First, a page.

Johnny Cash's 'Big River'

Mark O'Connor 200

Violinist Mark O'Connor. Jim McGuire hide caption

itoggle caption Jim McGuire
Johnny Cash 300

Johnny Cash performs in Amsterdam in February 1972. Central Press/Getty Images hide caption

itoggle caption Central Press/Getty Images

Johnny Cash was a boyhood hero of mine. When I was 9 and 10 years old I would spend hours singing his songs and imitating the way he played the guitar. I even enlisted my mother to help me transcribe all the lyrics off of his albums. He sang about prisons, trains, about love lost and love found. One of my favorite songs of his is "Big River."

The rhythmic phrasing and vocal performance by Cash in "Big River" is remarkable; its energy and drive replaces any need for drums or percussion. Cash's own guitar strumming riff was quite memorable as well. He strummed up the neck with a dynamic crescendo.

Luther Perkins and his electric guitar playing are also indispensable elements of what makes this an amazing song. The licks give both rhythmic support for what Cash was doing, and in some places compliment the bass. But the tic-tac was quite historic for country guitar, and his sound that he invented for Cash's Tennessee Two produced a great effect.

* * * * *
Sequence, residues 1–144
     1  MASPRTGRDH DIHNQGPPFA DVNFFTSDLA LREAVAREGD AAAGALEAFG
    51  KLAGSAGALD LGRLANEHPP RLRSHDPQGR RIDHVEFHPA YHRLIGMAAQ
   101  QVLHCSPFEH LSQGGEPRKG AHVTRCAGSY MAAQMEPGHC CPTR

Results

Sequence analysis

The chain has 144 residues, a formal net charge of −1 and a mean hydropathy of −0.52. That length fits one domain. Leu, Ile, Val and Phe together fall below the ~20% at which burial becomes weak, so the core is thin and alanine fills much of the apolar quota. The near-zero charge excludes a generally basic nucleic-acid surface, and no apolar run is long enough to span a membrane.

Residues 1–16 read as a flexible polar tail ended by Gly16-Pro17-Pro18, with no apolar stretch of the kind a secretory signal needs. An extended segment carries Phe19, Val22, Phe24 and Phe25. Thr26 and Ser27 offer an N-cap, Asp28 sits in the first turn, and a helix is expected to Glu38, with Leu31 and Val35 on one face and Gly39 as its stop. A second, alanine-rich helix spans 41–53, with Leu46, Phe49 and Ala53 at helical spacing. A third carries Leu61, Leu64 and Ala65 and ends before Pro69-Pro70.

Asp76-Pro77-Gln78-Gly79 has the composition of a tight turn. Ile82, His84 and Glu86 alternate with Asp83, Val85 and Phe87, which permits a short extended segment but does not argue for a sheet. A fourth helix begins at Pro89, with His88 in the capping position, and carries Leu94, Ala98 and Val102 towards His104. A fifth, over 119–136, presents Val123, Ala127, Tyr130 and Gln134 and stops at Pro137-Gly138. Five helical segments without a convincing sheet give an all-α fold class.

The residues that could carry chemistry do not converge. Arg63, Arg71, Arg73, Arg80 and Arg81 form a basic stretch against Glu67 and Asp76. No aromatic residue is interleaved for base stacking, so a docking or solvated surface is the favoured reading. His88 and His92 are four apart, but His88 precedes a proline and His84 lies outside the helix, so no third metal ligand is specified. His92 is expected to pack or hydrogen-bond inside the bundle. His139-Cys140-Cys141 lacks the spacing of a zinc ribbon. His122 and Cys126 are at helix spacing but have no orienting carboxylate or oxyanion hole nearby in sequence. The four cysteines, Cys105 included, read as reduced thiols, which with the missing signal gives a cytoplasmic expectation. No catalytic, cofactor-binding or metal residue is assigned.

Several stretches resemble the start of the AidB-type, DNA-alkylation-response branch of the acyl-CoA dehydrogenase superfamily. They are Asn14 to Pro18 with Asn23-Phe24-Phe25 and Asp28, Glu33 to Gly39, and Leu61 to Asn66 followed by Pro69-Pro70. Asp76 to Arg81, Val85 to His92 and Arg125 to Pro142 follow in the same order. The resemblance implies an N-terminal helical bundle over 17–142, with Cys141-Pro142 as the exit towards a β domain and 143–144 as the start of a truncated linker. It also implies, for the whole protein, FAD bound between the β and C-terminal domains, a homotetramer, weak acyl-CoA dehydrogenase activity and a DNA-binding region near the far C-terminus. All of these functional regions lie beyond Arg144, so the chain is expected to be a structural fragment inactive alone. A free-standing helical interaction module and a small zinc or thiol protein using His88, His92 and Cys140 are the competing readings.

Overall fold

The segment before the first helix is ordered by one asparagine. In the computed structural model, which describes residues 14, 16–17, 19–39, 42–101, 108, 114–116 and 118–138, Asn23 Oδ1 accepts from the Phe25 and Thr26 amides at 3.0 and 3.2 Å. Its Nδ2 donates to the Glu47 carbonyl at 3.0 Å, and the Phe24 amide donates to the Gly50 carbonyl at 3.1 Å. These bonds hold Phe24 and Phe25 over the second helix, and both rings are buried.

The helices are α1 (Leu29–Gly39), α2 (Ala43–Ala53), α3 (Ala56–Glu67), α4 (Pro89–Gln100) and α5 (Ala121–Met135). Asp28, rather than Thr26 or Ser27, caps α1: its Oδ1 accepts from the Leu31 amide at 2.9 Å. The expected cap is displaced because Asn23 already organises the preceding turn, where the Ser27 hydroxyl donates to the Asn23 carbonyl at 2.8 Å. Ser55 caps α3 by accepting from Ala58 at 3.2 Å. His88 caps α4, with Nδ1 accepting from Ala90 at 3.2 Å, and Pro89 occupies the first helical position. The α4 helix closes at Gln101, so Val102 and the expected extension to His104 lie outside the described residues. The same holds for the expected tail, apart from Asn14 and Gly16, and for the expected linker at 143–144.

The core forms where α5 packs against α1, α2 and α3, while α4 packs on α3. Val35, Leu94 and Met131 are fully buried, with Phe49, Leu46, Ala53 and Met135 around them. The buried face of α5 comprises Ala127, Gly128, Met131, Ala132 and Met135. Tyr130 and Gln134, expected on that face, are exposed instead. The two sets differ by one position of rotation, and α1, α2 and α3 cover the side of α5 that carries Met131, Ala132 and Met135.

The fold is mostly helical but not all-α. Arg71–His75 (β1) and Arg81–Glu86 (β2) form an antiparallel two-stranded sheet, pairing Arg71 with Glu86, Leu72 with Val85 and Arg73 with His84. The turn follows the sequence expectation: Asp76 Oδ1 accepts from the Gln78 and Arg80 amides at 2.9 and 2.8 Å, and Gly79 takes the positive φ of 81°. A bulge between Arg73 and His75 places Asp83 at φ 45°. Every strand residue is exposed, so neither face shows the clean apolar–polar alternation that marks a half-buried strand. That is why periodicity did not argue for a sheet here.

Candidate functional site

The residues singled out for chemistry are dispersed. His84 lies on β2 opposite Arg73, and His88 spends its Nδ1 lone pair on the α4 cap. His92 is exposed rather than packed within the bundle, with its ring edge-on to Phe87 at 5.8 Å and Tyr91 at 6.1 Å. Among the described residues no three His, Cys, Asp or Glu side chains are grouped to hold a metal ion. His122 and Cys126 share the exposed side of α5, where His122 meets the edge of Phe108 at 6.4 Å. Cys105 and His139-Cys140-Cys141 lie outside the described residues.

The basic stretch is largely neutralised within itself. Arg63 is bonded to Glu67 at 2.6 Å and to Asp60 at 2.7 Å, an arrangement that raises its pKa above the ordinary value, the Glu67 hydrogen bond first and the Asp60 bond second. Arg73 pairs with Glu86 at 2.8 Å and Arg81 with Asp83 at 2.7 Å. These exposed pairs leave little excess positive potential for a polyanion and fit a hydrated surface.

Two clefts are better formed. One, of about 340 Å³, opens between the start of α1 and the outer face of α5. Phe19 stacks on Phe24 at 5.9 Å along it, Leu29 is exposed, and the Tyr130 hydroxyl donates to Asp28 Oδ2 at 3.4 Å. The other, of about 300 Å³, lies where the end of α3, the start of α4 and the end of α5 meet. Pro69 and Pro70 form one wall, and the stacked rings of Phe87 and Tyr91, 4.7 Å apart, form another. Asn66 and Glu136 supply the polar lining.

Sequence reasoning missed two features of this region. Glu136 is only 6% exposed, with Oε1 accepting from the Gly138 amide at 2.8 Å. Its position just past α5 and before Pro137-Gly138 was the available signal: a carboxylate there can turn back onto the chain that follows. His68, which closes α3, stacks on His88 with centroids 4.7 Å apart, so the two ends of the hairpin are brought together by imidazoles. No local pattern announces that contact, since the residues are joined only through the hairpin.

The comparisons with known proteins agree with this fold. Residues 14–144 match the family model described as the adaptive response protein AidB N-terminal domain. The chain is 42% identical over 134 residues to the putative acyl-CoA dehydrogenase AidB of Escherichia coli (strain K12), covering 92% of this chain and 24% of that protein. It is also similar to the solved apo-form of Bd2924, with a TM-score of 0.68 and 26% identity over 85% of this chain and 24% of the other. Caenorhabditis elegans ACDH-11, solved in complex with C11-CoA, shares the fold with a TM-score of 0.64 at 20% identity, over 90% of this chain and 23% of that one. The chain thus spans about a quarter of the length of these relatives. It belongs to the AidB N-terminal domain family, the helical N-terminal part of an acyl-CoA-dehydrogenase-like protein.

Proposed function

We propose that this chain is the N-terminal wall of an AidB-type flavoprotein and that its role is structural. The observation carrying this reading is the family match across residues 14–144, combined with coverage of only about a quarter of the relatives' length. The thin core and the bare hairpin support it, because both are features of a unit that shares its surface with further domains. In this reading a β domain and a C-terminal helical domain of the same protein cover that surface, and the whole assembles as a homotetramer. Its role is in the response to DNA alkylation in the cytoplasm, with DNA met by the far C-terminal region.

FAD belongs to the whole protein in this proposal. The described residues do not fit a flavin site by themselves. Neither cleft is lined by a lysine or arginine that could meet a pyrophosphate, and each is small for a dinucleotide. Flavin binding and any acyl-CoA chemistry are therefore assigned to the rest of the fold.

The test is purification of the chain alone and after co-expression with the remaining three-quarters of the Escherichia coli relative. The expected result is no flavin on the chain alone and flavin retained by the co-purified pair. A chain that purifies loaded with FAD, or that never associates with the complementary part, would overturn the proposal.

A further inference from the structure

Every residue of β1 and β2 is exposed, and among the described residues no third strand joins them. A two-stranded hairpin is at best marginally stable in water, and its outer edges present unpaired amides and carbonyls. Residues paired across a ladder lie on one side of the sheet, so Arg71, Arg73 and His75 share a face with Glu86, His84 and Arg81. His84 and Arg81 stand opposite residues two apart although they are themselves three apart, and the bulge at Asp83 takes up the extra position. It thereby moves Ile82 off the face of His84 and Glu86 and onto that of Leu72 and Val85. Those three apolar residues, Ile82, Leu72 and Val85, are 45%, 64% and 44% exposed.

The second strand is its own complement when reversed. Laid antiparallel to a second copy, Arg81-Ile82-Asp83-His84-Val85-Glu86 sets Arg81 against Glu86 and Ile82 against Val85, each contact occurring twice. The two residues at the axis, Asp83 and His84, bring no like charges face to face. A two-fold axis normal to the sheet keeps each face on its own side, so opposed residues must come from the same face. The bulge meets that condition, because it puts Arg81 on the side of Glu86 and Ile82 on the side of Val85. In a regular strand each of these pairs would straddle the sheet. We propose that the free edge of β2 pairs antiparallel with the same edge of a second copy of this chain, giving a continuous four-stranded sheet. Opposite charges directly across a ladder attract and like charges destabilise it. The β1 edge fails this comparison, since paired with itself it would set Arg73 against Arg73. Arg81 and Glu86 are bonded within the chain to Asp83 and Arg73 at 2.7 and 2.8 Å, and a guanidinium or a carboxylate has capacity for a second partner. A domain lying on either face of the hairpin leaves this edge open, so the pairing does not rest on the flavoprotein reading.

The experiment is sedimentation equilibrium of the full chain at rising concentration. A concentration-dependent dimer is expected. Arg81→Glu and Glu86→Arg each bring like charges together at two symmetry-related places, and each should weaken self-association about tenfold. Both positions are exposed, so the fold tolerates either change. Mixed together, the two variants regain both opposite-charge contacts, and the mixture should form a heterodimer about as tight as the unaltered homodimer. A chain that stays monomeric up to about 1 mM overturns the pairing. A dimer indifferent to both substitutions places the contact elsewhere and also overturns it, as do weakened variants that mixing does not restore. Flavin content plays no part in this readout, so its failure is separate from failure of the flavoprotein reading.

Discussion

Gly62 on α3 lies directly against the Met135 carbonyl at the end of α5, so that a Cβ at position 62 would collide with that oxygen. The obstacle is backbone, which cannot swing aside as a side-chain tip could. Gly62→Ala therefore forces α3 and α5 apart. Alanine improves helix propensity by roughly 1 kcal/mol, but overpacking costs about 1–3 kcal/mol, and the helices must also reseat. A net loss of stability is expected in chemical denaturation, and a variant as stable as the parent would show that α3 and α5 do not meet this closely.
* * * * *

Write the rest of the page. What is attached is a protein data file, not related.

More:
As a professional musician, I knew Johnny Cash, worked with him a number of times and was invited into his home. He died Sept. 12, 2003.

Kris Kristofferson wrote of him, "He's a poet, he's a picker, he's a prophet, he's a pusher, he's a pilgrim and a preacher." Inspired by this quote, and the music and life of Johnny Cash, I composed a classical piano trio called "Poets and Prophets." Today I perform it in concerts with his daughter, Rosanne Cash. "Big River" is simply revolutionary. You must hear it.

You Must Hear This is produced and edited by Ellen Silva and Frannie Kelley. Brendan Banaszak produced and mixed this piece for All Things Considered.

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